Liked by 2 people

    1. ha – I can imagine you eating the lavesh (make that fresh lavesh) on the ride home –
      and thanks for the rich comment – I bet it is fun to shop at that store….

      Liked by 1 person

      1. It really is! Well, it’s fun to get the great food and the inexpensive and exotic produce, but it’s not so fun when it’s crowded, which is pretty much always. Luckily everyone is friendly and polite there.

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      2. that means so much that they are polite – and I do not care how great a place is – I will not go back if there is snottiness or rudeness – have no room in my life for that

        Liked by 1 person

    1. well thanks so much Restless Jo – that was nice to read – even though I think you find so many things on blogs to keep you there – which is why you have been voted for with those Brit Blog awards… you have that heart thing for so many… and thx for the visit

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  4. We have several restaurants here that serve wonderful Iranian food. Perhaps we need to go out tomorrow night. But first, I must look up a recipe for Doogh. It sounds like heaven on a hot summer’s night.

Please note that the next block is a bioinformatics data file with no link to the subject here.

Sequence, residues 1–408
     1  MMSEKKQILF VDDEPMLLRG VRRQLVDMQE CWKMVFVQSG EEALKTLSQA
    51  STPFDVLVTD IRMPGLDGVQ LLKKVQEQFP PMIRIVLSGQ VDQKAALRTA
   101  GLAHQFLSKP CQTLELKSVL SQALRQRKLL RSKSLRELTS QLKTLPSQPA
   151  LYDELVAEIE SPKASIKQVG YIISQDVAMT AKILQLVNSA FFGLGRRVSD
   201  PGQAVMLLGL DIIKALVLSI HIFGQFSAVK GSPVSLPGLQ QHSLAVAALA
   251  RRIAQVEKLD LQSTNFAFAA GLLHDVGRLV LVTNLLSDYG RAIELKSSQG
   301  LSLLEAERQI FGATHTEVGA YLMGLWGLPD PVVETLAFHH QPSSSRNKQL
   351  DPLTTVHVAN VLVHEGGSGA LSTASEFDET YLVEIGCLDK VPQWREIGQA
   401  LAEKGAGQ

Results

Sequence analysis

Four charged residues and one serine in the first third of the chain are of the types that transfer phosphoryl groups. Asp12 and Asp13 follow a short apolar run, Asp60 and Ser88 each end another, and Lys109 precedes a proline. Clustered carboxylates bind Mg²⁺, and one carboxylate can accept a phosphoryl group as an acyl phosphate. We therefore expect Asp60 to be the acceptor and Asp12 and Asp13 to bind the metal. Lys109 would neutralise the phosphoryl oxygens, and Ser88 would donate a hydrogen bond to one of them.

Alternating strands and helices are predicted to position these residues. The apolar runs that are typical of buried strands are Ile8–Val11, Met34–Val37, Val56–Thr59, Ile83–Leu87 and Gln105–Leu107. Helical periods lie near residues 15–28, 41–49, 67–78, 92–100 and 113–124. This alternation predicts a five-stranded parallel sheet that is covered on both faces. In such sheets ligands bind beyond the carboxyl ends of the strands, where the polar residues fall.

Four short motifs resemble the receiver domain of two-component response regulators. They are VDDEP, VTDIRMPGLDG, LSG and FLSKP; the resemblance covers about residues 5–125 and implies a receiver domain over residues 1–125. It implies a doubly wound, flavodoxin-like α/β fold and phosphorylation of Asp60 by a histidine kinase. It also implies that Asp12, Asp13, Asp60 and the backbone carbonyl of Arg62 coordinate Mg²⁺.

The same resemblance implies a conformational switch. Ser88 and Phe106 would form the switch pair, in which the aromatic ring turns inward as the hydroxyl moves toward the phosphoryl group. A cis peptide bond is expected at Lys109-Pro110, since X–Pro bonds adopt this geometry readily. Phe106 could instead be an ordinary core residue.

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    1. and just wording it that way has a nice shakespearean feel –
      Midsummer’s Night drink…

      ““Love looks not with the eyes, but with the yogurt drink…” well maybe not!

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  5. I have not eaten any Iranian food, but of course I would. I haven’t met a food origin I haven’t liked, and I don’t see why it would be the first.
    Bourdain was beloved by me. Just beloved. ❤

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  6. You’ve written n interesting take on the prompt. I like the contrast between the way powerful men build monuments to impress us, but actually we take much more notice of delicious food!

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  7. I remember being struck by this episode too. I loved Bourdains fearlessness He Could write as if he were your companion on a trip, and yet dare to try things you might never have the guts to attempt. I like the way he pushed politics out of the way to expose the good in the people, their culture, their ways making the strange seem approachable. He will be missed. Thank you for taking us on what could have been one of his more daring jaunts.